“In its preoccupation with the counterfactual, the hypothetical, unlived possibilities and unvisited places, Leavitt’s collection of stories implicitly finds guidance in the work of Henry James. The title proffers the book’s central metaphor of experience missed, and the unvisited places of Leavitt’s volume are recognizable topoi from the fiction of Henry James. Behind the stories in this collection hover Jamesian tales of lives not lived, vicarious doubles, regrets, returns, and specters of second chances. Yet if Leavitt’s stories echo James’s, it is James with a difference. In Leavitt’s version, the Jamesian bachelors are gay, the smudge of mortality is AIDS, the article manufactured at Woollett might be a condom. In other words, to cite Eve Sedgwick’s adaptation of James’s metaphor, the beast is out of the closet.”

—Julie Rivkin, The Henry James Review

“In addition to portraying youth's naiveté and confusion, along with its extraordinary openness to experience, Mr. Leavitt also evokes the disappointments and constricted horizons of middle age, the failures and fears of the elderly and the desperate rage of the terminally ill. And, finally and most importantly, Mr. Leavitt’s fiction deftly places the many varieties of love and sexual attraction in perspective, seeing them as part of the vast, complex mosaic of human experience and emotion.”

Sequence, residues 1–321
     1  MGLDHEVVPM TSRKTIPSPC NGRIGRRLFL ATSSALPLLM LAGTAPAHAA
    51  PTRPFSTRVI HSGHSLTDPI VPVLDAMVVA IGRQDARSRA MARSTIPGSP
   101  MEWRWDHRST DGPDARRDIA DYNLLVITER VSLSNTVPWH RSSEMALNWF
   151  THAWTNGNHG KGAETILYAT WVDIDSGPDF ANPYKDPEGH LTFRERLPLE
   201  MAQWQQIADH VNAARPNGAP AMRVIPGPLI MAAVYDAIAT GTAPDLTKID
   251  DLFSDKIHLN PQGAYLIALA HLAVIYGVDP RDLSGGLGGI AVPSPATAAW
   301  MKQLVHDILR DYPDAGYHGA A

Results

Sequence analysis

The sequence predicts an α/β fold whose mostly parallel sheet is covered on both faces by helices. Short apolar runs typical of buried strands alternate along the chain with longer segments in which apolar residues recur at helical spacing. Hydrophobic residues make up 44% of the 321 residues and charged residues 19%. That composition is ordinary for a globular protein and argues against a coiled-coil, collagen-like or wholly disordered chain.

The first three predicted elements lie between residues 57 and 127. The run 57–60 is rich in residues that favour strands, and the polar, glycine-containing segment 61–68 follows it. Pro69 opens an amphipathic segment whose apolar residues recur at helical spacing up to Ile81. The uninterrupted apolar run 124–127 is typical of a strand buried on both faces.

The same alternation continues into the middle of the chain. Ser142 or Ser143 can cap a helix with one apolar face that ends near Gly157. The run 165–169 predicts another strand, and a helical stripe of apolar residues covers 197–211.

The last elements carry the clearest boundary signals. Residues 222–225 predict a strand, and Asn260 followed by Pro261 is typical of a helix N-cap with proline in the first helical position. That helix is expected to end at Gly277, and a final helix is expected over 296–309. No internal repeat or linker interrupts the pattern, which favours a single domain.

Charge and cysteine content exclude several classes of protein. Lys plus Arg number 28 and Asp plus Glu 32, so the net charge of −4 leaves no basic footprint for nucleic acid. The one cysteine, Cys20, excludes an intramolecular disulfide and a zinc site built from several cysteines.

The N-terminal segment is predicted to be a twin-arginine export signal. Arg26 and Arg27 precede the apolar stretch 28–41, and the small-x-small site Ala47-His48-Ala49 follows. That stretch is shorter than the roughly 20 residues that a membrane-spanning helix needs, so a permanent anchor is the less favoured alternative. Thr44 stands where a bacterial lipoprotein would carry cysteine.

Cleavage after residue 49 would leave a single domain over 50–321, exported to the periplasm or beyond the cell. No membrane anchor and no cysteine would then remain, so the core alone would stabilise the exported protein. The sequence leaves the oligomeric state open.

—Wendy Martin, The New York Times Book Review

“A few years ago, when David Leavitt's first collection of stories, Family Dancing, appeared, something inevitable occurred. Leavitt, who immediately emerged as a gifted new voice in the under-30 literary set, became labeled as a 'gay writer’ This reductive tag seemed unavoidable, given Leavitt's honesty and openness in addressing his own homosexuality. But as A Place I’ve Never Been demonstrates, such a classification undersells the author’s extraordinary ability to create fiction resonant with the larger world, the world in which we all uneasily confront our mysterious hopes, dreams and fears. Like the great observer of everyday life, John Cheever, Leavitt searches for truth in the still confines of suburbia—in unlit bedrooms where desperate lovers pull helplessly at each other, in backyard spats between isolated neighbors, in lonely veterinary offices—and in subtle emotional transactions among ordinary people.”